Elizabeth Gaskell’s House has been successful in securing a grant of £78,000 from The National Lottery Heritage Fund.

This resilience led heritage project will provide training for staff and volunteers, budget for advertising, and create two new roles within the staff team.

Made possible by money raised by National Lottery players, the project aims to help this historic house and visitor attraction achieve long-term sustainability, so that it can continue to remain open and accessible to the people of Manchester and beyond.

Situated on Plymouth Grove, in the Ardwick area of Manchester, Elizabeth Gaskell’s House opened in 2014 following extensive restorations and now employs over 50 volunteers who help to open the house to the public three days a week and to run private tours, room hire, school visits and weddings on the other days.

The Grade II* listed House current attracts over 7000 visitors a year and is consistently given top feedback from visitors. Now that Manchester holds the UNESCO City of Literature marque, Elizabeth Gaskell’s House, has an even greater value in the city, promoting the life and works of one of the cities greatest authors, alongside literature courses and creative writing workshops.

The main focus of the project will be to encourage a greater number of business to use this unique and accessible venue for meetings and events in the city, and to inspire more couples to choose the House as a venue for their wedding day.

The House can host weddings groups from 4 to 35 and has so far hosted seven weddings in its beautiful period rooms with more booked for 2019.

Three well-equipped and fully accessible seminar rooms are available to businesses to hire, each fitted with large screens and hearing loops. Unusually those attending meetings can also book a private tour for delegates or take time out of their meetings to look around the historic building independently.

Frank Galvin, Chair of Manchester Historic Buildings Trust who run the House says:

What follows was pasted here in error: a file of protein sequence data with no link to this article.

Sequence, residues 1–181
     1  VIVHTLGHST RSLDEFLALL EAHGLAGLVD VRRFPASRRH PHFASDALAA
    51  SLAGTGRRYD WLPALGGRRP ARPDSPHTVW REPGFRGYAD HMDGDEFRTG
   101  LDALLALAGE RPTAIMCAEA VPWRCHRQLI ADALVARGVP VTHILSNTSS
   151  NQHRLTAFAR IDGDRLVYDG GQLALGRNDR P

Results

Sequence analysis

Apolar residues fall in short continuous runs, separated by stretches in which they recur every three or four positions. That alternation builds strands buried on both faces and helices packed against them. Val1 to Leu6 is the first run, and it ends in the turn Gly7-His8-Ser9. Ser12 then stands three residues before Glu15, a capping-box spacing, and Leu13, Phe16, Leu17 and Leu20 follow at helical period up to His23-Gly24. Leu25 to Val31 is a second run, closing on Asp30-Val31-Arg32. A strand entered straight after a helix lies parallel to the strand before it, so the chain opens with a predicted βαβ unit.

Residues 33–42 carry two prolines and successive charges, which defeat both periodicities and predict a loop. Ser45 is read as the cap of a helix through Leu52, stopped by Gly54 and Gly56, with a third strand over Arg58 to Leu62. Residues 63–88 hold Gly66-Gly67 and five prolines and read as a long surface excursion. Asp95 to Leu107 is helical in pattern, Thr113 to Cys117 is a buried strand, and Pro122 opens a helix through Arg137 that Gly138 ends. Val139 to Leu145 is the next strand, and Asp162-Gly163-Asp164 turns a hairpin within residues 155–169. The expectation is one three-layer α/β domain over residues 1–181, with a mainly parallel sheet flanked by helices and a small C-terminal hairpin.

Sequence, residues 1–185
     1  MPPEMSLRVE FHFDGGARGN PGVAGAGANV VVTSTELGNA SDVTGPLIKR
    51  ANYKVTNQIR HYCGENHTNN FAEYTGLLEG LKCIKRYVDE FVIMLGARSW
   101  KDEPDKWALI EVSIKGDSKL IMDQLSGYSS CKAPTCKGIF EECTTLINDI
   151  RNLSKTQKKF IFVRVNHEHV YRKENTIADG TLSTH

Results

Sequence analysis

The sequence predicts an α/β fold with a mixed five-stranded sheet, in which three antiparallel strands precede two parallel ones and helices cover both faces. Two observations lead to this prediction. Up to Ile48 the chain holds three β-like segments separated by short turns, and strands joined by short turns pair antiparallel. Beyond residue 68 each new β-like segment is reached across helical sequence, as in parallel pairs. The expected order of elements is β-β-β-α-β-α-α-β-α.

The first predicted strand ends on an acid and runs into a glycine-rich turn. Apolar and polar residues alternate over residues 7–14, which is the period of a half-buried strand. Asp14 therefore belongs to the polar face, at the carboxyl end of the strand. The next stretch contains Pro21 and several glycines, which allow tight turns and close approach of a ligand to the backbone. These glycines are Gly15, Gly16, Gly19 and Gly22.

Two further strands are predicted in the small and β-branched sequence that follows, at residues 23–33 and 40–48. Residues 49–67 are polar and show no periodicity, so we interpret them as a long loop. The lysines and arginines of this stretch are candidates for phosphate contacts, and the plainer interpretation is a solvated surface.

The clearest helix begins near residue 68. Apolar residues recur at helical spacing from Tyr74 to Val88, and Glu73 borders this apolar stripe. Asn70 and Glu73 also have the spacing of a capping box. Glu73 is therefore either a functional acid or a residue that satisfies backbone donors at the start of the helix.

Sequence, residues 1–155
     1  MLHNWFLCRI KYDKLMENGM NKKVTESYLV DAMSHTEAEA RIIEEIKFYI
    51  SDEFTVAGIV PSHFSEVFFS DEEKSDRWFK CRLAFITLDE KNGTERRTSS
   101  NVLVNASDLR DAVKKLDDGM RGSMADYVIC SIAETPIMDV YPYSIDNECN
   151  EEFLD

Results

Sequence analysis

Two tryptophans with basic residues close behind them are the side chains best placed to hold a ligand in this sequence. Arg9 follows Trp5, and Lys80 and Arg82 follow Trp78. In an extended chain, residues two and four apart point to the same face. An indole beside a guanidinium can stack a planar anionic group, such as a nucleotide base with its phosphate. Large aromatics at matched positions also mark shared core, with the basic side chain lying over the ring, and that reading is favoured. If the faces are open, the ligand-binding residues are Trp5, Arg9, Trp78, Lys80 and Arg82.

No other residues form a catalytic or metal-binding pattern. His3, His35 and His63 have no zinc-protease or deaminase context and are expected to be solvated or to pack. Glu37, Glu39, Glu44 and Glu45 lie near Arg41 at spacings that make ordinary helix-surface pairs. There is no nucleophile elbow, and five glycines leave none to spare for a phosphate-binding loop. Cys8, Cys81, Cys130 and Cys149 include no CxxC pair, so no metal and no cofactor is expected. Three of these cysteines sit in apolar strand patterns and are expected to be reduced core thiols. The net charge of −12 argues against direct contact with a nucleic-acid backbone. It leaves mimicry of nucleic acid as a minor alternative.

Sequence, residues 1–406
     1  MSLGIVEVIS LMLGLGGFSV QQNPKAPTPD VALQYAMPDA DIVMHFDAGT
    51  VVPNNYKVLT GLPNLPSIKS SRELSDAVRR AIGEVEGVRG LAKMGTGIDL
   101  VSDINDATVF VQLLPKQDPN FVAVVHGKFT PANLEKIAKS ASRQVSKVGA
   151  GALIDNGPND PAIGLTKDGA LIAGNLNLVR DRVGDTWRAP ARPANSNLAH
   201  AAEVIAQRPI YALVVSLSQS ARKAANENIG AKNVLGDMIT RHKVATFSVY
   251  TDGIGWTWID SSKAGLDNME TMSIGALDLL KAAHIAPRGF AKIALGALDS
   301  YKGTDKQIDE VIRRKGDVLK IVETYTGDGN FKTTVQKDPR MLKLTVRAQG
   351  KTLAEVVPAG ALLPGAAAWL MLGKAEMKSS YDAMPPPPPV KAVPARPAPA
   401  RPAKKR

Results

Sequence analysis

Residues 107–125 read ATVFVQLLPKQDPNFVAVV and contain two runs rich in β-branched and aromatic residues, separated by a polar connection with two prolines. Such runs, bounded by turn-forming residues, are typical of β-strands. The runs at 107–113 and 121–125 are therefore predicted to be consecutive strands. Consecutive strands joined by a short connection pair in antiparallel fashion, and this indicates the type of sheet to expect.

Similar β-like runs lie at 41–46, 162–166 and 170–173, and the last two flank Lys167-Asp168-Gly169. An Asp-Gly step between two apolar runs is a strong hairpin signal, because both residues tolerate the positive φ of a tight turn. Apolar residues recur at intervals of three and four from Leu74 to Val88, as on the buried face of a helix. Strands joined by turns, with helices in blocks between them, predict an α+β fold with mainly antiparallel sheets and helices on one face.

“With this National Lottery Heritage funding we will be able to face future challenges positively and become more sustainable, whilst maintaining the special inclusive atmosphere of Elizabeth Gaskell’s House. We are thrilled by the news and can’t wait to get started.”

Volunteers, staff and trustees will also benefit from access to new training and a under 25’s volunteer group will also be established to help younger volunteers influence the direction of the House.

One of the house’s youngest volunteers Rana Rofifah added;

“I’ve been volunteering at Elizabeth Gaskell’s House since I was 16 and I love the opportunity it provides to meet so many different visitors and volunteers. The new under 25’s volunteer forum will give volunteers like me practical experience of working strategically in heritage and cultural organisations and will give us a voice on the board, which is an amazing opportunity.”

Nathan Lee, Head of Region North West for the National Lottery Heritage Fund said “Thanks to money raised by National Lottery players, this project will help strengthen the Trust that runs Elizabeth Gaskell’s House, ensuring it is in a better position to manage, protect and share the rich heritage in its care.”


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